search instagram arrow-down

Enter your email address to follow this blog and receive notifications of new posts by email.



instagram @sophie_usa

This is one of my best friends’ babies. In her hands is a custom order from someone who’s friend lost her son to suicide last week. A son who was this age once. A son who was fiercely loved and valued and squeezed tight. A son who will always be their baby. My heart cannot fathom the overwhelming grief. Our only hope? To lift our eyes to the One who is our help in every season and situation. Jesus, come quickly.
It seems the Lord is teaching me a deeper (more experiential) meaning of what Paul talks about when he describes servants of God as “sorrowful, yet always rejoicing” (2 Corinthians 6:10a). • You see, there is so much good happening. So much joy, provision, and depth of community. So many doors opening. So many opportunities to minister and be ministered to. So much love and humility and grace and kindness and care that it has made me—quite literally—cry into a plate of chicken and waffles from the mercy of it all. • These scattered beams can only be explained by the Lord, who is dropping joy bombs and grace explosions all around. • But it’s not all chicken and waffles. • (Link to blog post in profile ❤️)
“All in all, it was a never-to-be forgotten summer—one of those summers which comes seldom into any life, but leave a rich heritage of beautiful memories in their going—one of those summers which, in a fortunate combination of delightful weather, delightful friends, and delightful doings, come as near to perfection as anything can come in this world.” -L.M. Montgomery

Follow me as I follow Jesus

anatoli-nicolae-1392406-unsplash (1).jpg

Who, me?!

When you struggle with believing people love you (Hello, it’s me. –Adele, and also me), it can be easy to shift that unbelief to the Lord and therefore doubt His unwavering love for you. Maybe He loves all the other people, but not you.

But, here’s the thing (the thing you already know, at least theologically): the Lord is committed to His people, and if you are in Christ, that includes you.

I’ve known and professed that for years, but until going through Lauren Chandler’s Steadfast Love study (and workbook*) with the women in my church this winter, I hadn’t felt the reality of that truth, at least not to this degree.

Peep this staggering section:

“In Genesis 15, God ratified His covenant with Abraham. He employed a practice common in Abraham’s day. He instructed Abraham to cut several animals in two and lay them directly apart from each other on the ground, creating a path between the pieces. The custom required the parties to walk through the severed animals signifying, ‘May this be done to me if I do not keep the covenant.’ Instead of both parties walking through the pieces, only God (symbolized by a smoking fire pot and torch) passed through.”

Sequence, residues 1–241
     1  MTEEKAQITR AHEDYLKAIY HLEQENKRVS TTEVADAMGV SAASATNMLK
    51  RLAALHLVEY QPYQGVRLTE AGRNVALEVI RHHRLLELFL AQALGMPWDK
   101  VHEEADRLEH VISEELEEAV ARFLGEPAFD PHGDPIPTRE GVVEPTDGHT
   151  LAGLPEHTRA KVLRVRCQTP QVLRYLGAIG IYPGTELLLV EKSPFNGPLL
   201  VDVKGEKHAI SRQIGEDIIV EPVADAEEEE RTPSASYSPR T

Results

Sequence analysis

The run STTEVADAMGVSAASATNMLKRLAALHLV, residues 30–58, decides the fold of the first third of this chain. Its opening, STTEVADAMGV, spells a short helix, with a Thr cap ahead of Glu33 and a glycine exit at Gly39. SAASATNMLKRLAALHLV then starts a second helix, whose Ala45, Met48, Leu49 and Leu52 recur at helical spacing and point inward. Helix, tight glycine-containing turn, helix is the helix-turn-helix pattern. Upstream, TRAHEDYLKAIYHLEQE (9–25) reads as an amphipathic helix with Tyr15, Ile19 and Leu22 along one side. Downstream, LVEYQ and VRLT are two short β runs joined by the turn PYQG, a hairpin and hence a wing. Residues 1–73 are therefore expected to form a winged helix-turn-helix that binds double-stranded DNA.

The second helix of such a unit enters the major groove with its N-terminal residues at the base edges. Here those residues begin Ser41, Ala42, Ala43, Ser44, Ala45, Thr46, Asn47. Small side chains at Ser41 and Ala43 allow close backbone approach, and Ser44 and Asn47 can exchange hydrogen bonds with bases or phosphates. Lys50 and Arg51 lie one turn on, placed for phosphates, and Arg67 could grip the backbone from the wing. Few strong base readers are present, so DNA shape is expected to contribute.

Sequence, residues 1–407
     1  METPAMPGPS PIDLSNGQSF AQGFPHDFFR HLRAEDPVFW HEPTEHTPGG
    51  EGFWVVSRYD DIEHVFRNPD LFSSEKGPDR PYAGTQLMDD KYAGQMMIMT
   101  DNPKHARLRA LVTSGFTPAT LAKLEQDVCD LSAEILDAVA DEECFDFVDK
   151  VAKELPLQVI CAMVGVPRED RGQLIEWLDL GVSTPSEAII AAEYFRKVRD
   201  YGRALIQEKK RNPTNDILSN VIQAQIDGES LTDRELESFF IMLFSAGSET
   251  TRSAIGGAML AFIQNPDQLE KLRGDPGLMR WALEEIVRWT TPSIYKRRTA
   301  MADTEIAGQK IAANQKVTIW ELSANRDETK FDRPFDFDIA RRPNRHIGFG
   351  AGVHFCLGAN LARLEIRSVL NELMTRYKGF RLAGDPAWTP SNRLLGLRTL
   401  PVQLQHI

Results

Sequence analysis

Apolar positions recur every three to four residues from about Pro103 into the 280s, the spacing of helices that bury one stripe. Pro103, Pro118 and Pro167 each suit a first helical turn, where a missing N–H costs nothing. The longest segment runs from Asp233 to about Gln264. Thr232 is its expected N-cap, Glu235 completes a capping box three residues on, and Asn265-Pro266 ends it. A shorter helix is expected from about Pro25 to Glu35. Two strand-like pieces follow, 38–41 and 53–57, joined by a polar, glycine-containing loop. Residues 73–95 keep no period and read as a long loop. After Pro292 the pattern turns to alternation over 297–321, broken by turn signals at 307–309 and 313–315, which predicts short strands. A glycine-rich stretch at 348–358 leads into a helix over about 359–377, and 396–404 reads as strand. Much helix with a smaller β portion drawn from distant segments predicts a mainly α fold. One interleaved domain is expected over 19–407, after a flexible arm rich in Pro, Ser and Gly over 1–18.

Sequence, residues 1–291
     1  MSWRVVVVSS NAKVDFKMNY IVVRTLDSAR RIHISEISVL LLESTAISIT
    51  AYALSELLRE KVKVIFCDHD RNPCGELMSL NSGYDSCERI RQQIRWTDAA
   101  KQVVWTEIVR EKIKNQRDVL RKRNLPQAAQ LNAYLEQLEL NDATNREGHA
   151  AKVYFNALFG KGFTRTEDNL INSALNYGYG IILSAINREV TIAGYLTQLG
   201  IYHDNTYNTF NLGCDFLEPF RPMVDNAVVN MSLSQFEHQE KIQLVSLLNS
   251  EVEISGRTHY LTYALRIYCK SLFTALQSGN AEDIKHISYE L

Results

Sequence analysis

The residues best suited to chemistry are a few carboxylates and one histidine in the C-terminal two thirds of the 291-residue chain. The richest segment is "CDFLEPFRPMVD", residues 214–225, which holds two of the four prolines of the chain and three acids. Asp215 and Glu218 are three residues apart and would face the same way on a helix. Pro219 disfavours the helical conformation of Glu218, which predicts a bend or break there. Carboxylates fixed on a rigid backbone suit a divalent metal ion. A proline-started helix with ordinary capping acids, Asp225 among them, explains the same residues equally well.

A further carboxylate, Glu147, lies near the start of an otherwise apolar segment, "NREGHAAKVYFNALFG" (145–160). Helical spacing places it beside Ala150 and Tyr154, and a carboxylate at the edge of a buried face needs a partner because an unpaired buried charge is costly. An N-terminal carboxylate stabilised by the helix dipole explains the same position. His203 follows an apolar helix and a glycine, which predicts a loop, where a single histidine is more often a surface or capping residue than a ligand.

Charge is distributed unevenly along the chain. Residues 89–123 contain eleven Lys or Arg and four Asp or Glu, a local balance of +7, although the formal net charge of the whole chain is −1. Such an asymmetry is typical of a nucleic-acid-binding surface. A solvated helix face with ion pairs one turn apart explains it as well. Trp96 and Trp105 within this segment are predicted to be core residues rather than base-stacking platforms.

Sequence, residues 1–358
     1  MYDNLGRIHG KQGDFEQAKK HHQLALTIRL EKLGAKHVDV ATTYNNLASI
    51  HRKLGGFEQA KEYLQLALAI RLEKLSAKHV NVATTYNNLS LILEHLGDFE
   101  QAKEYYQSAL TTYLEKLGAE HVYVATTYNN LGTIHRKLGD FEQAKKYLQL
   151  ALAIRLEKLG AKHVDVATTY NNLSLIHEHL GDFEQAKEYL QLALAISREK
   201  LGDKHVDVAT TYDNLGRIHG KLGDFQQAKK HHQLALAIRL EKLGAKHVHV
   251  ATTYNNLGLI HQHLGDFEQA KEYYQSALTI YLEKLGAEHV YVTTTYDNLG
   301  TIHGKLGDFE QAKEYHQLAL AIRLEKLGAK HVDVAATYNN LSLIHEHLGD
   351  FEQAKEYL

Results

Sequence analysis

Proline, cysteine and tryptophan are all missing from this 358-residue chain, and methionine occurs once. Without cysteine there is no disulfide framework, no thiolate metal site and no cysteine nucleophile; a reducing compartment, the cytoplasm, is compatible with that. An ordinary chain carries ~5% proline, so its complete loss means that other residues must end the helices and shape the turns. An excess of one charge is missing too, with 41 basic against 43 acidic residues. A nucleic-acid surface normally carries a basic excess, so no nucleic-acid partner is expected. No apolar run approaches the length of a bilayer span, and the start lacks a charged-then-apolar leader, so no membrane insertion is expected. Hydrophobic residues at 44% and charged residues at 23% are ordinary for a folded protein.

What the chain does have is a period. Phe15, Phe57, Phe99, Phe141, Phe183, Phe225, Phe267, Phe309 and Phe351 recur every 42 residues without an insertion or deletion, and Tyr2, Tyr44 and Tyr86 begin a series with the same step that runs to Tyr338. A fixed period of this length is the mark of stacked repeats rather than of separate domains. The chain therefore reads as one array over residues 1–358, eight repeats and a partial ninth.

Then LC (Lauren Chandler) asks us what Abraham is doing in Genesis 15:12. Answer (spoiler): He’s sleeping.

Then here’s the God-is-not-really-committed-to-us lie-obliterating part:

“Abraham was in the most vulnerable, helpless state when God made His covenant with him. And God didn’t make him sleepwalk through the animal carcasses. Instead, He alone tread the path declaring, ‘may this be done to Me, if this covenant is not kept.'”

Oh my heart.

God’s love for us—yes, us—is not too good to be true. It’s real. He’s committed. And He’s still saying, “I’m in this, no backsies.” He cannot be unfaithful to Himself and therefore He will not be unfaithful to His children.

A few paragraphs later, LC wraps up the day’s study like this:

“I want you to see that what He said He would do, He has done. There’s still more to come. All is not as it will be. We still struggle against sin. Death has yet to finally die. Pain remains a part of life. But we can trace the goodness of God in keeping His promises throughout history so that we can trust He will keep His promise to be ‘with [us] always, to the end of the age’ (Matt. 28:20) and that Christ has not left us. He will return (Acts 1:11).” (emphasis mine)

May this fuel our hearts to worship in spirit and truth, rejecting the lies that seek to convince us God could not or does not really love us. And may we believe—and stake everything on—His word above all else.


*I highly recommend the workbook. Coming from someone who doesn’t love workbooks in general, it’s a little pricey and completely worth it. Get it.

Leave a Reply
Your email address will not be published. Required fields are marked *

Fill in your details below or click an icon to log in: Logo

You are commenting using your account. Log Out /  Change )

Google photo

You are commenting using your Google account. Log Out /  Change )

Twitter picture

You are commenting using your Twitter account. Log Out /  Change )

Facebook photo

You are commenting using your Facebook account. Log Out /  Change )

Connecting to %s

%d bloggers like this: